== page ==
Kathleen (R) & Cousin Libby 1920's

Kathleen upper row right with friends, 1930's

Living through the Great Depression

            Kathleen graduated in 1933 and then taught at the same one room school that she had attended in Beaver Dam, Excelsior School, earning $25.50 a month. It was at the height of the Great Depression and the school could only pay her for two months. She still continued to teach there for free. 

Kathleen's first class of students, 1934-35 in Beaver Dam, Excelsior School

During this period she had a hard time finding a paying job as a teacher. Her father moved to Whiting, Indiana looking for work. He had been earning a living selling tobacco off the family’s farm, but during the depression sales fell off so much that he had to migrate to where the jobs were. “There were no jobs in Kentucky then, and everyone said go to Detroit, Michigan, because there's work up there. But dad found work in Whiting on his way  up, after meeting another Kentucky man who told him that if he looked there he'd be hired that day,” Kathleen remembered. Her mother moved up afterward and then she did too, finally finding work there herself.  Other  families from Kentucky moved to the Gary area to find work, including her best friend and cousin, Elizabeth Wright, called Libby by everybody. But the Great Depression was hard on many people and Kathleen was forced to move around finding teaching jobs. She would teach in Wisconsin, Indiana, Michigan and Illinois before finding a permanent job in Chicago at the North Park Christian School in 1947.  In the meantime, she pursued her master's degree in the Romance Languages of Latin, French and Spanish from the University of Chicago.

            Still living in Whiting, Indiana, in the early 1940's, Kathleen took a bus from Gary into Chicago's south side where it would drop her off 11 blocks away from the University of Chicago campus. “I was never afraid,” Kathleen remembered, “even though the cars never slowed down.” She continued taking that bus to earn several master's degrees. During World War II she finally found steady work teaching in Whiting, but not at only one school. That would come after the war when she was hired by the North Park Christian School, later called the North Park Academy, where she remained for the next 29 years; retiring in 1976 after a 42 year career as a teacher.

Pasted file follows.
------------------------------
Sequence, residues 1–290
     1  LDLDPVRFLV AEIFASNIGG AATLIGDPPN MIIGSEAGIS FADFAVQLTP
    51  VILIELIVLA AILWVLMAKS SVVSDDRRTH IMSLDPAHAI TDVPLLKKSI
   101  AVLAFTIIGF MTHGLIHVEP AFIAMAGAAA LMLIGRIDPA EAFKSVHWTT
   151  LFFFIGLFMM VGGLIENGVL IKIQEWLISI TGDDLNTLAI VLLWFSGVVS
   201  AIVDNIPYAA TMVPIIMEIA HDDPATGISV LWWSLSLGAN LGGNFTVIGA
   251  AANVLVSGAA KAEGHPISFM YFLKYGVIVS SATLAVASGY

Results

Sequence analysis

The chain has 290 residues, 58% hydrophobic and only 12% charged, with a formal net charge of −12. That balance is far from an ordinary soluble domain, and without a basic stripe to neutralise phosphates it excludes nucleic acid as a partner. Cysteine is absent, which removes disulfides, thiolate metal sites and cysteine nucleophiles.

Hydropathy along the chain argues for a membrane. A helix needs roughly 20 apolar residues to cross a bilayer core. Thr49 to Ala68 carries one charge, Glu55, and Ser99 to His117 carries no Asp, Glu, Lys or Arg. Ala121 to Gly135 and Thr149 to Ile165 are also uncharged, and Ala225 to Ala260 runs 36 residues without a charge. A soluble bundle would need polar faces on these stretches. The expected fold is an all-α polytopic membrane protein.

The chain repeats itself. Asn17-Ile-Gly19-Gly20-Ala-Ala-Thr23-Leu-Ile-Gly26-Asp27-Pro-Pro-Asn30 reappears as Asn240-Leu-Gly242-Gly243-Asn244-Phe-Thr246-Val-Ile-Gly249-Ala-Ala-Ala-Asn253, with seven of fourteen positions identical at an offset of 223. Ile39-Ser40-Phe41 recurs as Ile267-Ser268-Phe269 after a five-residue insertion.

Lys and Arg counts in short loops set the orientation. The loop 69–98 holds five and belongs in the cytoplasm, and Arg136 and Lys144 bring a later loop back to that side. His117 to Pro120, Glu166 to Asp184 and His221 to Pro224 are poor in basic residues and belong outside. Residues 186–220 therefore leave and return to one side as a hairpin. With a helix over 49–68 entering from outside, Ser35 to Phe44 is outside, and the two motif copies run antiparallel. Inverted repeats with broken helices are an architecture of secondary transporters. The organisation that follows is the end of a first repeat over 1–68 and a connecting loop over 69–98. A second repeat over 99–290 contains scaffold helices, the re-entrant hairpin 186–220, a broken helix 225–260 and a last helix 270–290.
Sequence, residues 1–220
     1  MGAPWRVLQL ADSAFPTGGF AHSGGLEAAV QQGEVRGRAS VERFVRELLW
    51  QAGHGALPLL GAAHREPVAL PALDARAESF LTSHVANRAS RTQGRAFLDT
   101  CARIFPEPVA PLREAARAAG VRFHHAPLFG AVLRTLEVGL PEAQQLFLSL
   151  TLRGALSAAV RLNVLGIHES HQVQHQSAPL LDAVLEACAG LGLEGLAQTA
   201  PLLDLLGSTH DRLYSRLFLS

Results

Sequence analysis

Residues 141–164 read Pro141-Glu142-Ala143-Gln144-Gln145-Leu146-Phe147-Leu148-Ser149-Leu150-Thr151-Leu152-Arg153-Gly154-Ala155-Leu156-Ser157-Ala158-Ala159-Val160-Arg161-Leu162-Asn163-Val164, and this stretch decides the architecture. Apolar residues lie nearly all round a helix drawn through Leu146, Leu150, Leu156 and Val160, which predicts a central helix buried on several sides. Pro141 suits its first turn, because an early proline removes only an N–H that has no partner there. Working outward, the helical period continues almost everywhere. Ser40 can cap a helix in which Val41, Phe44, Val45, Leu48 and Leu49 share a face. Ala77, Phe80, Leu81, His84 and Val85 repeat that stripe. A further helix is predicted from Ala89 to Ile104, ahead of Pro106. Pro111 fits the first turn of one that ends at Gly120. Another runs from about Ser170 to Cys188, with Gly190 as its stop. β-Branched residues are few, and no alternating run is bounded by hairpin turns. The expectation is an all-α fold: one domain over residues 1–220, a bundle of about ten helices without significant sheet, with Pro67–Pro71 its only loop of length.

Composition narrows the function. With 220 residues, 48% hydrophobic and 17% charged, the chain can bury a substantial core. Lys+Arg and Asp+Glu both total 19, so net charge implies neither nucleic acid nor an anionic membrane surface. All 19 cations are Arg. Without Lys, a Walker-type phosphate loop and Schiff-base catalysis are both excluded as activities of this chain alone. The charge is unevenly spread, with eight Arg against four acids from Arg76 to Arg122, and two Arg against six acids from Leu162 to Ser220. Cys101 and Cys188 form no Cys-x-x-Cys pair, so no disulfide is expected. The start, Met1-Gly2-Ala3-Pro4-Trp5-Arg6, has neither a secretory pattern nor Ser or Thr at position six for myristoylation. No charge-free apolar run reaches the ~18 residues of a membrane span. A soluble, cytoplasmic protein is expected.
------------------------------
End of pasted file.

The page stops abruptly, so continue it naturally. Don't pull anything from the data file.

Her best friend and cousin, Libby Wright Conn, convinced her to move to Chesterton, Indiana, to be near her after retirement; which she did. Kathleen couldn't simply sit still though; she taught, for free again, this time at the Chesterton Adult Learning Center. For the next 17 years she instructed English as a second language. Over the past 35 years in Chesterton she was active with the Liberty Bible Church, volunteering her time and efforts, as well as volunteering more time in the Chesterton Library. In 2011 she moved into Rittenhouse of Valparaiso, where she is visited by friends and family. One of those friends, Daria Sheets, who met Kathleen at church, listened to all of her stories and called Generations the Magazine to suggest that we tell this story about this incredible woman.

            On turning 100, Kathleen stated that her secret is that she  didn't die yet. She also suggests that you eat your dessert first, which she often does, drink whole milk several times a day, (she has up to three glasses with each meal) and have faith in God. Her personal hero is her mother and her advice to others is to try to do what I would like others to do for me.

Kathleen and Libby 2003


Kathleen and Daria 2013



Source: Generations the Magazine
December 2012/January 2013